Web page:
For a while now I have been contemplating how filmmaking changed with the introduction of sound in film. The dawn of the “talkies” is an innovation that I am not at all sure we have fully come to terms with even to this day. When critics speak of a film’s over-reliance on exposition, they are speaking of a flaw that almost singularly came with the introduction of sound, dialogue, and narration contained within the film itself. Silent cinema—out of technological constraint—had to rely on showing instead of telling. Sure, the action of the film was punctuated with printed text, but much of this was selective dialogue and delineating changes of setting. The dialogue had to be carefully chosen so that the text did not overtake the screen time of the actual cinematic magic of capturing movement. Those old wizards of celluloid had to create meaning without sound. Action drove themes, while cinematography created tone and atmosphere in which the audience could inhabit for an hour, give or take.
When every word can be captured as they are being said by actors, there is an ease to making dialogue and narration tools to narrow a film’s focus: to prescribe, not to describe. When I view Carl Th. Dreyer’s The Passion of Joan of Arc or Robert Wiene’s The Cabinet of Dr. Caligari, the whole world of these films is opened to the mind’s eye. Every little shadow or character’s look can be translated in numerous ways without language directing audiences towards this or that meaning or theme or concept. Most of all, those old silent films are easier to reside in. When it comes to film, language must serve the flickering image. The history of cinema could probably be succinctly defined by this conflict between sight and sound. Because we are linguistic beasts, we like our beliefs and themes to be clear—to defy misinterpretation—but cinema has always been a descriptive form first and foremost and description often complicates clarity of meaning. Various people can be awash in the universe of Maria Falconetti’s eyes as she is subjected to an arduous trial and come away with multitudes of interpretations. Films that rely on the image create magic. Films that rely on the word, often, create propaganda.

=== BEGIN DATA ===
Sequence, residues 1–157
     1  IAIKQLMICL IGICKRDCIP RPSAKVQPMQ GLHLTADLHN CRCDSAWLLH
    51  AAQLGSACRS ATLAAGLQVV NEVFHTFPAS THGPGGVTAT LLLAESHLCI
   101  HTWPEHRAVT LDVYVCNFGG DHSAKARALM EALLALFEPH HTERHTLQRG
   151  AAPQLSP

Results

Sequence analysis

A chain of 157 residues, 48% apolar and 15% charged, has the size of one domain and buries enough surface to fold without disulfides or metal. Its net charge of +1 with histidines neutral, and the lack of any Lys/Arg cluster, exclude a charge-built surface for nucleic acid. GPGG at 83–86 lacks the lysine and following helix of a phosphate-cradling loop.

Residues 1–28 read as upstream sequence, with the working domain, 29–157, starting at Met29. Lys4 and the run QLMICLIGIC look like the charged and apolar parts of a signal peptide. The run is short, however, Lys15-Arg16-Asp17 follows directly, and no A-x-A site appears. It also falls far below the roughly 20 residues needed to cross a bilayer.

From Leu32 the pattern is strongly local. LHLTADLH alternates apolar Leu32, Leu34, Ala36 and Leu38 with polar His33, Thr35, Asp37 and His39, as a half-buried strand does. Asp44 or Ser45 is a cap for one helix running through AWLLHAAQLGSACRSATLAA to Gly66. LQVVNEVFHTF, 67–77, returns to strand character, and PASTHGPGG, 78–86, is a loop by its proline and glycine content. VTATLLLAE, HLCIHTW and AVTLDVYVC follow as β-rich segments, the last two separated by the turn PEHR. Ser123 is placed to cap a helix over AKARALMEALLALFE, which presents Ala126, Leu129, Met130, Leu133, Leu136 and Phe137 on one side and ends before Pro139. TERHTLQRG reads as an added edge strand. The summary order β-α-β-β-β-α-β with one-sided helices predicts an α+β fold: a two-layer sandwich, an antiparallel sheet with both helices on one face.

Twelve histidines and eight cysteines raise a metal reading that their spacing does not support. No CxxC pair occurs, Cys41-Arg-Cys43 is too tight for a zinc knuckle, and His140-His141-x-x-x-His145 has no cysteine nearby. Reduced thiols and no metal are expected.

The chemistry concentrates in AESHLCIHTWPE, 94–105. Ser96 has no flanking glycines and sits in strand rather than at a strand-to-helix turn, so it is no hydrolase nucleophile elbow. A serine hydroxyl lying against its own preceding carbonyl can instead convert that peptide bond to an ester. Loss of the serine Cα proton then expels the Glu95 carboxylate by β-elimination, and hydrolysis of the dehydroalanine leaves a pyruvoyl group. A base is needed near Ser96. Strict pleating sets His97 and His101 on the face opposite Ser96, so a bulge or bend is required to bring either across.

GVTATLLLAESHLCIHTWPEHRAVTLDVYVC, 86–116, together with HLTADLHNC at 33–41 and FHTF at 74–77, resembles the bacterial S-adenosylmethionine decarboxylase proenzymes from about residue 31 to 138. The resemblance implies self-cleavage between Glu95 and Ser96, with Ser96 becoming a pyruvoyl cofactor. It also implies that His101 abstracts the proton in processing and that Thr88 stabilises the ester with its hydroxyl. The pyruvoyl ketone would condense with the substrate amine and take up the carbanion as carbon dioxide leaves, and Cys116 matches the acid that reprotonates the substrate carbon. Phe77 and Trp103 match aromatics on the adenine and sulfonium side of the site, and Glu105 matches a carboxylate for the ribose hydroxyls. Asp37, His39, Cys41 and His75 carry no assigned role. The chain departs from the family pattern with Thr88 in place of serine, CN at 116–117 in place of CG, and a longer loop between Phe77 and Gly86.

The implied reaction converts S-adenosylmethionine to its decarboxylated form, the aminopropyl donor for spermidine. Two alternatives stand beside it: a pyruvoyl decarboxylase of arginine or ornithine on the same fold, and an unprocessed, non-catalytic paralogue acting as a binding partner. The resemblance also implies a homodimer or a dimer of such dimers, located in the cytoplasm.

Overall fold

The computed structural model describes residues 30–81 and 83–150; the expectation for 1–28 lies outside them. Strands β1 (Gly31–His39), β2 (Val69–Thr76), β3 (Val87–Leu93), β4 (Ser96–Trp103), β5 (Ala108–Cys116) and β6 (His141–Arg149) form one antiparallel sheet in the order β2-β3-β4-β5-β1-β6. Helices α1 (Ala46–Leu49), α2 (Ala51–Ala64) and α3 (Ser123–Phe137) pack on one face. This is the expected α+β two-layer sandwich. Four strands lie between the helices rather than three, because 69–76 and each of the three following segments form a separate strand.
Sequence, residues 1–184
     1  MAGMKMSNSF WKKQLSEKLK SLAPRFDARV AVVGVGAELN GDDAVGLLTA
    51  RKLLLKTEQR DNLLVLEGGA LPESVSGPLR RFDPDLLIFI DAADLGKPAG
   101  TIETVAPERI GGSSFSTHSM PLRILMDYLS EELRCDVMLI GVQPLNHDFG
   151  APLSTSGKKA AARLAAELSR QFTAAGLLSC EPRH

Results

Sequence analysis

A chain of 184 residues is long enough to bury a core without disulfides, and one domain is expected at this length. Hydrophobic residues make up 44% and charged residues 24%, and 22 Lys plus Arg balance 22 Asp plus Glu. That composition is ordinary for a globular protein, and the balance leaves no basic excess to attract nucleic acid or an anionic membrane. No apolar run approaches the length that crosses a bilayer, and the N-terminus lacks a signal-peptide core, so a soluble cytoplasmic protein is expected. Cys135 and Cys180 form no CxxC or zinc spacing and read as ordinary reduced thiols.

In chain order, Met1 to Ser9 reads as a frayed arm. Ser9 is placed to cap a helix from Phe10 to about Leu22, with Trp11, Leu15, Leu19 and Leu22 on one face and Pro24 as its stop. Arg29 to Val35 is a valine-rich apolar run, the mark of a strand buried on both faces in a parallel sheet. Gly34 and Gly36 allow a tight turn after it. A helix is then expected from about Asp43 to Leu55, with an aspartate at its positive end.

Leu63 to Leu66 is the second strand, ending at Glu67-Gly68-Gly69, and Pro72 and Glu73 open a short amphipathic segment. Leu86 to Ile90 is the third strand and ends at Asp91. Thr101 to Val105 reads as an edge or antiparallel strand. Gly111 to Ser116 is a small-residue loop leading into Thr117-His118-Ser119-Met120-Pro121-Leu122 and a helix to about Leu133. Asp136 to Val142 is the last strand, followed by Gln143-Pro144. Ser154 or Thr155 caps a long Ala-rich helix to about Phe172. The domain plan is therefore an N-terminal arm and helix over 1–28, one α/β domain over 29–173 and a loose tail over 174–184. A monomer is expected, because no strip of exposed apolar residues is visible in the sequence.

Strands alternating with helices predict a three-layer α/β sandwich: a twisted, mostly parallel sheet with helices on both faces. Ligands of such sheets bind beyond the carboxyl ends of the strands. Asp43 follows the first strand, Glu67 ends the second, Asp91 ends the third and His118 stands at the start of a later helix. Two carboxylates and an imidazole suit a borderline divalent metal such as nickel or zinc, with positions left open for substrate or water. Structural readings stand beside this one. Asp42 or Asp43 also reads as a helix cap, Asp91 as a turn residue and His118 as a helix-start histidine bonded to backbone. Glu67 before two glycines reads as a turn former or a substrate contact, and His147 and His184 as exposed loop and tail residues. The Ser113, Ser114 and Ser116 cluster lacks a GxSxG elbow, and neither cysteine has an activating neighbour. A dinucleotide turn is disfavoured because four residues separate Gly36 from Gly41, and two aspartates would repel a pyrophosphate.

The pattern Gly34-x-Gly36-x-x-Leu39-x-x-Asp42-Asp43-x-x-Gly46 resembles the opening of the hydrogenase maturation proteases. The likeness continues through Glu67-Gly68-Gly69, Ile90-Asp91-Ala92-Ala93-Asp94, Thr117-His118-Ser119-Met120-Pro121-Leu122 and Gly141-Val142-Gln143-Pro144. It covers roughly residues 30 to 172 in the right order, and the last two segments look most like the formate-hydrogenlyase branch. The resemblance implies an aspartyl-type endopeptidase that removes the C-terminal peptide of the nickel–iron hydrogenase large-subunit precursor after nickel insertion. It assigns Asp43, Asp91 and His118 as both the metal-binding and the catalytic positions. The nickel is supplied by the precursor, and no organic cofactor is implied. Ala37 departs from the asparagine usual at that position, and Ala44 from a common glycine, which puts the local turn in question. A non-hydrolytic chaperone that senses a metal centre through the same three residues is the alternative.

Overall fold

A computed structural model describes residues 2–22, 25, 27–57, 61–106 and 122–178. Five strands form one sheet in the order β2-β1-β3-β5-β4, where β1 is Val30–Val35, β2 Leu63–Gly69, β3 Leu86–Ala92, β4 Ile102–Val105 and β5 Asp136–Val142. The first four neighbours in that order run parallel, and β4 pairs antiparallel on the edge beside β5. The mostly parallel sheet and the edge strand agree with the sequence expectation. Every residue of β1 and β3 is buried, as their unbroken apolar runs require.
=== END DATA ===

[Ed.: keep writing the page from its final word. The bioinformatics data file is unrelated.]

Robert Egger’s 2015 debut, The Witch, was stunning to be sure, however I was one of the few that did not fall into absolute adoration before it. I liked it quite a bit. I thought Egger’s attention to detail, his portrayal of early American religious affections and folklore, and the painterly quality of his cinematography were all very moving. Yet there were other films I enjoyed more that year. Yet I find my mind comes back to specific elements of The Witch time and time again. It has stuck to my bones more than most of the films I placed ahead of it that year. That is feat and one which made me interested in what his next foray into film would entail. Enter 2019’s The Lighthouse.